Throughout the world various types of metrology applications share a common need for increased precision. Metrology is the scientific study of measurement. Metrology applications take some type of measurement to collect certain data. Markets such as life science, semiconductor and electronics manufacturing rely on metrology instrumentation to ensure their process is completed correctly. The need for precision is further underscored when you realize the samples/products can be extremely small (i.e. human cell) as well as highly sensitive (i.e. touch-screen electronics). Having high precision motion technology is key to ensure the application will be completed successfully.
This blog post will cover the basics of metrology applications, but if you are interested in learning more, Parker has published a detailed white paper on the topic, which we encourage you to download here.Metrology applications
Listed below are some examples of metrology applications by market. Many applications can be used in more than one market as well. For example, all the markets will use some type of microscopy in their process.
- DNA sequencing
- Wafer inspection
- Optical profilometry
- Laser profilometry
- Non-contact metrology
There are different types of metrology applications, and each have their own key considerations. This blog post will focus on dynamic metrology.
- Dynamic metrology – applications where measurement data is collected while either the measurement sensor or the unit under measurement are in motion
- Static metrology – applications where measurement data is collected while both the measurement sensor and the unit under measurement are at a stable location
- Focusing – a special type of static metrology where an axis, typically vertical, is used to focus on a sample for measurement
Errors in positioning are normally specified in terms of the accuracy of positioning and the repeatability of positioning. The actual sources of these errors can occur in three sub categories – linear, Abbe (roll, pitch, yaw) and planar errors. The source for these errors varies and could have occurred during production or while the application is in process. Examples include deflection, friction, bearing and machining inconsistencies and feedback device.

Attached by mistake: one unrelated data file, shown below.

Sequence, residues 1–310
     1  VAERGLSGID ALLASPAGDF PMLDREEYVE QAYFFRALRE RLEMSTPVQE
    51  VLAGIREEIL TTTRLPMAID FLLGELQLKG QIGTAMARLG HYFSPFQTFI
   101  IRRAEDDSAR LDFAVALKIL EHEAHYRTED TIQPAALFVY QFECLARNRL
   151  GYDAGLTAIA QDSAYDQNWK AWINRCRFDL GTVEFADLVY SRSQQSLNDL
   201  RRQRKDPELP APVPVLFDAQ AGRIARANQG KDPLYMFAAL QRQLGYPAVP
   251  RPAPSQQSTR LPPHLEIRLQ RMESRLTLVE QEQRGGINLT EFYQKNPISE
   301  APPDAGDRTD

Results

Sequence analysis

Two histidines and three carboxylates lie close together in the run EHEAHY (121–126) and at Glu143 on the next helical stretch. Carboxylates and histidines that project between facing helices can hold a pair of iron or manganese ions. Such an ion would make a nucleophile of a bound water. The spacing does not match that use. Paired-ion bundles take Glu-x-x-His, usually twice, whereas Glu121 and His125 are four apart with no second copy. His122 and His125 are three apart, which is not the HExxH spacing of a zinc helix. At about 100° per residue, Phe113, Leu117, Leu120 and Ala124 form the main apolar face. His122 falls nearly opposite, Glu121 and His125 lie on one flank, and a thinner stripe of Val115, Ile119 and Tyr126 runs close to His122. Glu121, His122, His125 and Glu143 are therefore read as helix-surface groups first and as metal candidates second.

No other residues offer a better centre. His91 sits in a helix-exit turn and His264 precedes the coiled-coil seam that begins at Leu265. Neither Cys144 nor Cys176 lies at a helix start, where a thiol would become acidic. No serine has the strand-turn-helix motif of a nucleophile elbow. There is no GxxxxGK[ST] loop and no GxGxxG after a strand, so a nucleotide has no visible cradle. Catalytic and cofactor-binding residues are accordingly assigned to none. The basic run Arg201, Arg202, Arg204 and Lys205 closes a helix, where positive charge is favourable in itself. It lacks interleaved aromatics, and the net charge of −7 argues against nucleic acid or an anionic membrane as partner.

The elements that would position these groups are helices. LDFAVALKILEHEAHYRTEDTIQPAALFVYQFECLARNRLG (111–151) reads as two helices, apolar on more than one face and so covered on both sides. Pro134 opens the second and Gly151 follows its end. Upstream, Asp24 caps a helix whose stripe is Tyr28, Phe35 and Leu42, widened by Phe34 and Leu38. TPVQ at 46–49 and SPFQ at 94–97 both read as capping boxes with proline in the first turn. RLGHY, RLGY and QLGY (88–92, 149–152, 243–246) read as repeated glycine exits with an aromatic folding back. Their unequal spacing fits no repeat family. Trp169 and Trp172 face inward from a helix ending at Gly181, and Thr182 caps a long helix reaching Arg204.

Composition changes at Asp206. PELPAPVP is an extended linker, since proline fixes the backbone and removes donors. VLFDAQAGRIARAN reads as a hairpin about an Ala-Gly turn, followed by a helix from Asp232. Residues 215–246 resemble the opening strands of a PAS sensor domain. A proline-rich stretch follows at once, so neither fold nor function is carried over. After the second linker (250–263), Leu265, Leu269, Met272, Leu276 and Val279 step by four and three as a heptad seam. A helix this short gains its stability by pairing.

Velocity control relates to the speed of the stage’s motion and the ability to control it. When there is a variation of velocity as compared to the commanded velocity, this is known as a velocity ripple. Velocity control is critical for dynamic metrology applications because if the speed varies throughout the application process, accurate and consistent results will not be obtained throughout.
The best actuator option for dynamic metrology applications requiring high precision and speed is a linear motor driven stage, specifically one with an ironless linear motor. Since the linear motor couples directly to the linear load, backlash, efficiency losses and other positional inaccuracies are greatly reduced compared to screw or belt driven actuators. Also, linear motors typically have a smaller form factor which overall will improve the stiffness and positional errors. Finally, linear motor actuators have the best control of its speed throughout the application.
While maintaining a reasonable commercial cost, linear motor actuators are the only ones that can meet the critical specifications for dynamic metrology applications previously discussed. To confirm this, Parker uses a laser interferometer to measure any potential positional errors. After testing, reports on the actuator’s performance are generated which consistently show that linear motor actuators outperform those with other drive train mechanisms.
Further details on dynamic metrology download the whitepaper, "Understanding Critical Specifications for Dynamic Metrology Applications."
Parker metrology application solutions
Stage stability and velocity control on a linear motor actuator are crucial in order to have a successful dynamic metrology application. With over 20 years of experience in the high technology precision markets, Parker offers the expertise and consulting services to help instrumentation developers optimize the precision of their equipment and their process. These process optimizations will contribute to continued reductions in the customer’s overall spend, while throughput increases. You can learn more about Parker’s linear motor stage capabilities by visiting our website.
Article contributed by Patrick Lehr, product manager for precision mechanics, Electromechanical and Drives Division North America, Parker Hannifin Corporation.